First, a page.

Famous for its boating culture, Florida has opportunities to sleep on the water from the Everglades to St. John’s River. Houseboats can be reserved up to six months in advance at Flamingo Marina, 1 Flamingo Lodge Hwy., inside Everglades National Park, where a 40-foot pontoon houseboat can sleep up to eight people.
Just west of DeLand, the north-flowing St. Johns River is Florida’s longest river and an ideal waterway to test your house-boating skills, no previous experience required. The river runs through Hontoon Island State Park, where equipped houseboats for four to 12 passengers can be rented at the Holly Bluff Marina, 2280 Hontoon Road, DeLand.
Landlubbers can still experience the thrill of sleeping on the water at the Bora Bora Bungalows at Disney’s Polynesian Village Resort, 600 Seven Seas Dr., in. Modeled after over-water bungalows in the South Pacific, each of the 20 bungalows sits atop the Seven Seas Lagoon, with a private deck, plunge pool and nightly view of the Magic Kingdom fireworks show.
The Lady of the Lantern is fabled to swing her lantern from the roof at night at The Casablanca Inn, 24 Avenida Menendez, in downtown St. Augustine. Overlooking Matanzas Bay and listed on the National Register of Historic Places, the restored 1914 Mediterranean Revival inn is featured on ghost tours led by Historic Tours of America, based in St. Augustine.
As many as 13 different “spirits” are said to haunt the Island Hotel, which has been at 373 2nd St., on Cedar Key in the Gulf of Mexico since 1859. They include a little boy who drowned in a basement water cistern during the Civil War, a Southern Army private solider who guards the second floor and a prostitute murdered there during prohibition. The Fox Network TV series “Haunted Inns & Mansions” filmed a segment at the hotel in 1999.
Built about 20 years ago as a replica of a historic Louisiana lighthouse, the New Canal Lighthouse in Santa Rosa Beach is a sprawling, two-story building that sleeps up to 14 people. At 512 Old Beach Road near Grayton Beach State Park, it has five bedrooms and 5½ bathrooms, with high ceilings, a spacious modern kitchen and a spiral stairway that leads to a lantern room. It can be booked through Dune Allen Realty in Santa Rosa Beach.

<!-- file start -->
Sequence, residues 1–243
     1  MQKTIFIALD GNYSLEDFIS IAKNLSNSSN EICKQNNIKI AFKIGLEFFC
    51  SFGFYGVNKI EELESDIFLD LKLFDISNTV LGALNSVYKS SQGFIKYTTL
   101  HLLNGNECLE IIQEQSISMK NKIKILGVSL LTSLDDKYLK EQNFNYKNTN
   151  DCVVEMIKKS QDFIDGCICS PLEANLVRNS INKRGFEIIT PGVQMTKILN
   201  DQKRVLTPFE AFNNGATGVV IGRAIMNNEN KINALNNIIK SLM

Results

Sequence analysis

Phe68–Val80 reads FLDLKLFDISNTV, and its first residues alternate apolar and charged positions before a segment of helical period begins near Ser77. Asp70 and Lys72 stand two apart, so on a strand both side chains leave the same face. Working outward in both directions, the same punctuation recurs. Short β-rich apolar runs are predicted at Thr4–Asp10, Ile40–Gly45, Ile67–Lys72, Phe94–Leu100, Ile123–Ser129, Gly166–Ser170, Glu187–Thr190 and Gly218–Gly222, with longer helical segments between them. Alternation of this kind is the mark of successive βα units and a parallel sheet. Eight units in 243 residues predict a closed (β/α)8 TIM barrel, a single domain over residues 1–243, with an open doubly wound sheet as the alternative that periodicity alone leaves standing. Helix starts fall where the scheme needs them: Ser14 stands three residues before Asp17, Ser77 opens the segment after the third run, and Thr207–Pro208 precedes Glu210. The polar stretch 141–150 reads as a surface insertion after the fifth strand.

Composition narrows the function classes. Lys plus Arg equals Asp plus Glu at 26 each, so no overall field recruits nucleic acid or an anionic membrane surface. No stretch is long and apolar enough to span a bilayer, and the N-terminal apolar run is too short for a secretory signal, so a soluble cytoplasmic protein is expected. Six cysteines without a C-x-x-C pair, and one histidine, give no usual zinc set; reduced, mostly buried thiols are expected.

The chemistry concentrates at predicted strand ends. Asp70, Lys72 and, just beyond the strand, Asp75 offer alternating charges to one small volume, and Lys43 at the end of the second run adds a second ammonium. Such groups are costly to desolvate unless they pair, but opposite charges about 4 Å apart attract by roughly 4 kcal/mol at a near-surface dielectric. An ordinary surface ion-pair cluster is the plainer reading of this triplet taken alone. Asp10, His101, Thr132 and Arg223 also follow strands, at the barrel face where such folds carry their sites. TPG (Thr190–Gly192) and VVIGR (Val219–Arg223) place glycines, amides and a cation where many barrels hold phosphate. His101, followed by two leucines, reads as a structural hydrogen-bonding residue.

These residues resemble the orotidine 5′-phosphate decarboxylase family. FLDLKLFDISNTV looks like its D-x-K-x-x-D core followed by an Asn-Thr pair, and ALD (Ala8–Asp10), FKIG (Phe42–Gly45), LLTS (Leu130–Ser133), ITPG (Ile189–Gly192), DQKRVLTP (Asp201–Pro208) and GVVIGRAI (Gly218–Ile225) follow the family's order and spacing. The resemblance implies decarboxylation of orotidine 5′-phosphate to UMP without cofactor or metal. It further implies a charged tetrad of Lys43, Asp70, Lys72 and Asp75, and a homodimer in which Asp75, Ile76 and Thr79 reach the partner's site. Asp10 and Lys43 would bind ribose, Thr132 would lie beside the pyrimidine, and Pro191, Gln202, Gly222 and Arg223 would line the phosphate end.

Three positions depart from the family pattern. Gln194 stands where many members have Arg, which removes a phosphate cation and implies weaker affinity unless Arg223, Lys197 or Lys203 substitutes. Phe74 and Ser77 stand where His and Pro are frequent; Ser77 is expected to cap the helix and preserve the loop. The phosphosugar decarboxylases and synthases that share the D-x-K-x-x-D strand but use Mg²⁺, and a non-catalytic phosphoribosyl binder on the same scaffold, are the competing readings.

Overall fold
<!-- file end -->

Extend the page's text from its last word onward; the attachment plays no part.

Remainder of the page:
Katie's Light is a replica of a Chesapeake Bay lighthouse at 614 Fletcher St. in Fernandina Beach on Amelia Island. The beachside retreat with a wrap-around deck sleeps up to eight people, with three bedrooms and 2 ½ baths. It’s bookable through VRBO.
For the ultimate “glamping” experience, try one of the 651-square-foot Luxe Teepees at Westgate River Ranch Resort & Rodeo, 3200 River Ranch Blvd., in River Ranch, one hour south of Orlando. The teepees, which sleep up to four guests, claim such comforts as stone fireplaces, claw-foot bathtubs, king beds, screened-in private patios and leather chairs, plus air conditioning and heating. The 10 teepees are clustered under a canopy of 100-year-old oak trees at the family-friendly dude ranch, where horseback riding, a weekend rodeo, bungee jumping and skeet shooting are among the pastimes. The resort also offers “glamping tents” on platforms, with morning coffee service delivered.
Groovy Camping in Vintage VW Vans
Florida Oldscool Campers in St. Petersburg – with an additional pick-up and drop-off site now in Key West – offers restored Volkswagen campervans to tour the state and spend the night in a Florida State Park or other campground. The 1970s vans come with full hookups, two-burner gas stoves, water tanks, sinks, ice boxes, beds and external propane tanks. Renters must fill out an online availability form in advance.
And now, it’s time for bed.